Why is it called the host if it BECOMES the body


#1

Just a question that occurred to me a few days ago.

Why do we call the bread a "host"?

I think of the term "host" as something that might "contain" rather than "become"....
For instance, if I welcome someone into my home I and my home "host" that person - but we do not "become" that person.
Another (kind of yucky) use of the term "host" would where a parasite (told you it was yucky) exists inside a "host" body....

So I guess I'm just wondering how we came to call the bread the "host" since it does not "contain" but rather "becomes" the body of Christ.

Thoughts??

Peace
James


#2

newadvent.org/cathen/07489d.htm


#3

Host is from the Latin hostia, meaning victim. Although before the consecration it is not yet the Divine Victim of the Holy Sacrifice, it is still customary to call the communion bread a host, by association with that Sacrifice. It is even referred to as a victim (hostia) in the Latin text of the Mass before the consecration.


#4

:thumbsup:


#5

lmgtfy.com/?q=why+is+the+eucharist+called+a+host


#6

[quote="Ad_Orientem, post:3, topic:320607"]
Host is from the Latin hostia, meaning victim. Although before the consecration it is not yet the Divine Victim of the Holy Sacrifice, it is still customary to call the communion bread a host, by association with that Sacrifice. It is even referred to as a victim (hostia) in the Latin text of the Mass before the consecration.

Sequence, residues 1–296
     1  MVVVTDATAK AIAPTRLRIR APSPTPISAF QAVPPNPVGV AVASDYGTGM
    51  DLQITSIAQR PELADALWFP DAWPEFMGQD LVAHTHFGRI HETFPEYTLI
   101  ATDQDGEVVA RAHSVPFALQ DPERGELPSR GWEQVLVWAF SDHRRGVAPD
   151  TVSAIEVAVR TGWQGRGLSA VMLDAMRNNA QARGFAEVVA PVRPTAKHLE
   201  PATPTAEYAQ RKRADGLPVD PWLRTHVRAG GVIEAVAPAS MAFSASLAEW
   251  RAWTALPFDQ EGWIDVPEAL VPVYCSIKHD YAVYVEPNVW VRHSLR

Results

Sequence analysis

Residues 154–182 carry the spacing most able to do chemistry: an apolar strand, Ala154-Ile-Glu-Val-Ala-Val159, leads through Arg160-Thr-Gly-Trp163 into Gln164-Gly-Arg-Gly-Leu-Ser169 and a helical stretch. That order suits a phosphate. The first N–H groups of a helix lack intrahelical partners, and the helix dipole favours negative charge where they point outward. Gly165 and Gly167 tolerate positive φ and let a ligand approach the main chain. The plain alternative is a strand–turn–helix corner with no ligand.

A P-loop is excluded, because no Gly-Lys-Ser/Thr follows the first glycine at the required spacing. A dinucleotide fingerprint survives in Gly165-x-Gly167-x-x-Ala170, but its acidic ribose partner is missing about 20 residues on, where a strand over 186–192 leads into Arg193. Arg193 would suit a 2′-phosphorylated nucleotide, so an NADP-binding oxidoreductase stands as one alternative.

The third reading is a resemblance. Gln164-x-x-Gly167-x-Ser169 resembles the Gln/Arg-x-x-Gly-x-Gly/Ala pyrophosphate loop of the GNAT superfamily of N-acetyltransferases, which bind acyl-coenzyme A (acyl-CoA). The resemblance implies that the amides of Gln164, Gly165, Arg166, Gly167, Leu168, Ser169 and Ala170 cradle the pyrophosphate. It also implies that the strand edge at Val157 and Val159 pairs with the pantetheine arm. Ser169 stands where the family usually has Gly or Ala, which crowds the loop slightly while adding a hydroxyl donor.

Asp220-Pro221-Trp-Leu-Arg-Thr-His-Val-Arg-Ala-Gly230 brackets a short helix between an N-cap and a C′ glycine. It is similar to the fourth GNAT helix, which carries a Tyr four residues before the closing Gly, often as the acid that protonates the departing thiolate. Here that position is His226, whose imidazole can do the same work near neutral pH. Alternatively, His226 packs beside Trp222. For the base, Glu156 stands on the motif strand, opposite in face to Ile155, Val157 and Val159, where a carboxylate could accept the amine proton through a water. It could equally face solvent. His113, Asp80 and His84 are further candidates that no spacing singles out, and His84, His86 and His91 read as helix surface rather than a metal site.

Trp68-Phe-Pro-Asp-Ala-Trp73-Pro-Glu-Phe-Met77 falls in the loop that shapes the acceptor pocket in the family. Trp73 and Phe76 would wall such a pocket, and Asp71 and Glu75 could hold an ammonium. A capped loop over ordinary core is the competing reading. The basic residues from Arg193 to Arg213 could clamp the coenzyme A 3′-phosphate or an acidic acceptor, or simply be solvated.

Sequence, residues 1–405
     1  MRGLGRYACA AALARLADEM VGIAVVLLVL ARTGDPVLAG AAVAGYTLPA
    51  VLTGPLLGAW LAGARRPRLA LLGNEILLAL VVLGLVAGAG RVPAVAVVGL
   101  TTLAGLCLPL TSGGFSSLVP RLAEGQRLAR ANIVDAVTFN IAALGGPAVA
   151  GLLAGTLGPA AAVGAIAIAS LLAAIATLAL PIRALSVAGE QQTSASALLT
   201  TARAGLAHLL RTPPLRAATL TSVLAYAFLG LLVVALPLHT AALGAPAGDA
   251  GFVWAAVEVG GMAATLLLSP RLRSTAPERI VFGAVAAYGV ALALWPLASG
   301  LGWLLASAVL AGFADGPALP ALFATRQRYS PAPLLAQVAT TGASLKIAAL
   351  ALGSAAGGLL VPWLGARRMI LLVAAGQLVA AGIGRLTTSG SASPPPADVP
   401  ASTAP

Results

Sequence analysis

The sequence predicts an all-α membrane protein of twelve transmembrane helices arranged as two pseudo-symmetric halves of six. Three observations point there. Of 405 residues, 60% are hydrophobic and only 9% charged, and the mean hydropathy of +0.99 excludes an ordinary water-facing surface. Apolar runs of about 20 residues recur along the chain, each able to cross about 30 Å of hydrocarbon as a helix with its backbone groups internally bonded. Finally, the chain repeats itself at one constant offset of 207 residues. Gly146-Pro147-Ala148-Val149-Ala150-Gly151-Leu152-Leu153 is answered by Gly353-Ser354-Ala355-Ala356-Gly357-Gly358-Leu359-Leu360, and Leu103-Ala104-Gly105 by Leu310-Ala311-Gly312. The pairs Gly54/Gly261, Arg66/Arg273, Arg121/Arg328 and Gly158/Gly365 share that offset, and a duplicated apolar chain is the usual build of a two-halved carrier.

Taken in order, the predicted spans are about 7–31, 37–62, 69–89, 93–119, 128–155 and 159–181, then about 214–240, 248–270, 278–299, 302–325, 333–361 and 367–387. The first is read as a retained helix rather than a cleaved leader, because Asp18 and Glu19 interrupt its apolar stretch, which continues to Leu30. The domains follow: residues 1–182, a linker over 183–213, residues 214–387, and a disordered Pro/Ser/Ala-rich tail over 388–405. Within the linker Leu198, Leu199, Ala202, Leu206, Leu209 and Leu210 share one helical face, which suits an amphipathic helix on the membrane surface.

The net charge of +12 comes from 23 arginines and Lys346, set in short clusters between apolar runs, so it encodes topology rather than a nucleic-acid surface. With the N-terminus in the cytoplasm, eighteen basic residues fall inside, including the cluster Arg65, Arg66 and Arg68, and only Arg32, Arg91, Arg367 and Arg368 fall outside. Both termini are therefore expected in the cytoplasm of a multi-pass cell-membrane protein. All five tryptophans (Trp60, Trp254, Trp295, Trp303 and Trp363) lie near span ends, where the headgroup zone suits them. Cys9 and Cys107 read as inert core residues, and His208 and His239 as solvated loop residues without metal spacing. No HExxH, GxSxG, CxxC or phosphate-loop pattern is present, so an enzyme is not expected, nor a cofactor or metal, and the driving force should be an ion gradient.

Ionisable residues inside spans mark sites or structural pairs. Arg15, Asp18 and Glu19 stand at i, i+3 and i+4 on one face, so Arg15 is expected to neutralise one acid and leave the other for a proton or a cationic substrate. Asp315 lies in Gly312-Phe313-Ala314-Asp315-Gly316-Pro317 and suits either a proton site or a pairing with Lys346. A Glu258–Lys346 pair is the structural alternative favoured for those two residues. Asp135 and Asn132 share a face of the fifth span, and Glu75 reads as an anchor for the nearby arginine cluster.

[/quote]

Awesome. Learn something new every day.


#7

[quote="Ad_Orientem, post:3, topic:320607"]
Host is from the Latin hostia, meaning victim. Although before the consecration it is not yet the Divine Victim of the Holy Sacrifice, it is still customary to call the communion bread a host, by association with that Sacrifice. It is even referred to as a victim (hostia) in the Latin text of the Mass before the consecration.

[/quote]

Ahah! That's cool. Thanks.


#8

This is what happens when you take Latin out of the parishes. Come on, people, have none of you ever participated in Benediction before? "O salutaris Hostia...."


#9

[quote="aemcpa, post:8, topic:320607"]
This is what happens when you take Latin out of the parishes. Come on, people, have none of you ever participated in Benediction before? "O salutaris Hostia...."

[/quote]

To be fair, people use two variations in English: host and victim. One is very clearly understood, the other not so much.


#10

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